Hold ’Em? Or Fold ’Em? Labour Claims, Secured Claims, Tax Liabilities and Their Potential Impact on the Outcome of Mexican Concurso Proceedings (2008) - South Bay Law Firm
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Hold ’Em? Or Fold ’Em? Labour Claims, Secured Claims, Tax Liabilities and Their Potential Impact on the Outcome of Mexican Concurso Proceedings (2008)

Summary:

 

Commercial insolvency is – if nothing else – a protracted series of battles and bargains amongst the debtor, its creditors, and other stakeholders (i.e., principals, employees, regulatory agencies, investors, etc.).  The objective of this extended contest is to extract the most potential value (or minimise the prospective loss) from the insolvency process – sometimes in collaboration with other participants, but just as often at others’ expense.  The ‘rules’ of the contest are derived from the substantive law of those jurisdictions in which the debtor does business, and from the unwritten laws of the market.

 

In Mexico, as in many other Latin American countries, the substantive legal ‘rules’ affecting insolvency proceedings have undergone extensive change in recent years. In 2000, the Mexican legislature enacted a completely re-written Ley de Concursos Mercantiles (Law of Commercial Reorganisation) (‘LCM’), designed to eliminate many of the perceived problems with prior Mexican insolvency law. Likewise, the Codigo de Comerico (Commercial Code) and the Ley General de Titulos y Operaciones de Credito (Credit Transactions Law) underwent considerable amendment in 2000 and 2003, with the objective of enhancing creditors’ rights and, from a lender’s perspective, increasing the attractiveness of secured lending.  Yet despite these changes, old ideas and customs – and old legislation – remain, and must be incorporated into the rapidly changing legal fabric of Mexican commerce.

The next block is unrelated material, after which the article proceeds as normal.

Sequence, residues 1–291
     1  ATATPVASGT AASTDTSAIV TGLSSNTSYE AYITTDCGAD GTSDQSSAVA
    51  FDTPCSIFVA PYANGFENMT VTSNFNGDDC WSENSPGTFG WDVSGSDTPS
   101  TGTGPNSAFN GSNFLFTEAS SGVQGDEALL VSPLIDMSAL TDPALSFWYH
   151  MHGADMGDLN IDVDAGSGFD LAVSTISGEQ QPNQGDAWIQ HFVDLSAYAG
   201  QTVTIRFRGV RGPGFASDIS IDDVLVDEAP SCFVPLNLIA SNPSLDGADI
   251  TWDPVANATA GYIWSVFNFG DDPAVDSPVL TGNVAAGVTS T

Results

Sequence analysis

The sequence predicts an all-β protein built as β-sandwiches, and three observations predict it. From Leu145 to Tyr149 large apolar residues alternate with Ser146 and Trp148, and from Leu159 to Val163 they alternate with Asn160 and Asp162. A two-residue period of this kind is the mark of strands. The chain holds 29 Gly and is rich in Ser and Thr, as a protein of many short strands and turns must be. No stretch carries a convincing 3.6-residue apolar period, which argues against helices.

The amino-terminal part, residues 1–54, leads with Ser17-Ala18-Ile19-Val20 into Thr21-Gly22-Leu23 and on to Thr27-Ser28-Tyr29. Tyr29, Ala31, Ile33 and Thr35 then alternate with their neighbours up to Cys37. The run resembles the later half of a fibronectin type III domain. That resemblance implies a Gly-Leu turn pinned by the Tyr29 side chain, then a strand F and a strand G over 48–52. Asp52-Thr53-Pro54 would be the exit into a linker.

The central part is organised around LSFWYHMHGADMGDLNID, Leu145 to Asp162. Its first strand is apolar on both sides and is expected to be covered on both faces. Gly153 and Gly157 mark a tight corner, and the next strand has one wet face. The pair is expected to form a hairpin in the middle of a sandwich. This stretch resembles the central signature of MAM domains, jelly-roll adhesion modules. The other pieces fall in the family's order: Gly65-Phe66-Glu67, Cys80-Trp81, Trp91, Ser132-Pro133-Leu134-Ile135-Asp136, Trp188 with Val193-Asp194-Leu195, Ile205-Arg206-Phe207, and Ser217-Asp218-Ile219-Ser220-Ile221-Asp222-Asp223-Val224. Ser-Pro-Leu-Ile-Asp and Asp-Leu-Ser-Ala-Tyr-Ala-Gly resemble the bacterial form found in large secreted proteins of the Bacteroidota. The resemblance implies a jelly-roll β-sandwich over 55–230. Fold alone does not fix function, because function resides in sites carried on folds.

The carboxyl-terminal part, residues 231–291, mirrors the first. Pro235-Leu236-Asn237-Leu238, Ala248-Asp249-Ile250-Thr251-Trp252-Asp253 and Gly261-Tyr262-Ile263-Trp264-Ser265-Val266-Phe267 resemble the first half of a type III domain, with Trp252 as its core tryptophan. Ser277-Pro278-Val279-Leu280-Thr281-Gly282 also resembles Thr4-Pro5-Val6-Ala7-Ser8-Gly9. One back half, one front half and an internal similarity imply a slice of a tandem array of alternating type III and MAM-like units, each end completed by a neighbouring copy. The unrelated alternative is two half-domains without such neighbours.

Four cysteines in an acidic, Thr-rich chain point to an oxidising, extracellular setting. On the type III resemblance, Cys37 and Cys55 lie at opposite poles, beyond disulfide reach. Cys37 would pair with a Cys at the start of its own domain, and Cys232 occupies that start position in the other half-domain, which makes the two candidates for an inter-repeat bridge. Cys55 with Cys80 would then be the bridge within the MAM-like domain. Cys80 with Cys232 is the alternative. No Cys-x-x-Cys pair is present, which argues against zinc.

Against this backdrop, how do debtors and their creditors resolve the potential disputes that commonly attend commercial insolvency in Mexico?  To fully address this question would require a discussion well beyond the scope of the present article; however, the following very brief overview outlines some of the issues that arise when the Mexican debtor bargains with three of its most prominent Mexican creditor constituencies: labour, secured lenders, and taxing authorities.

 

This 2008 article is accessible here.  Republished with kind permission of Chase Cambria Company (Publishing) Ltd.

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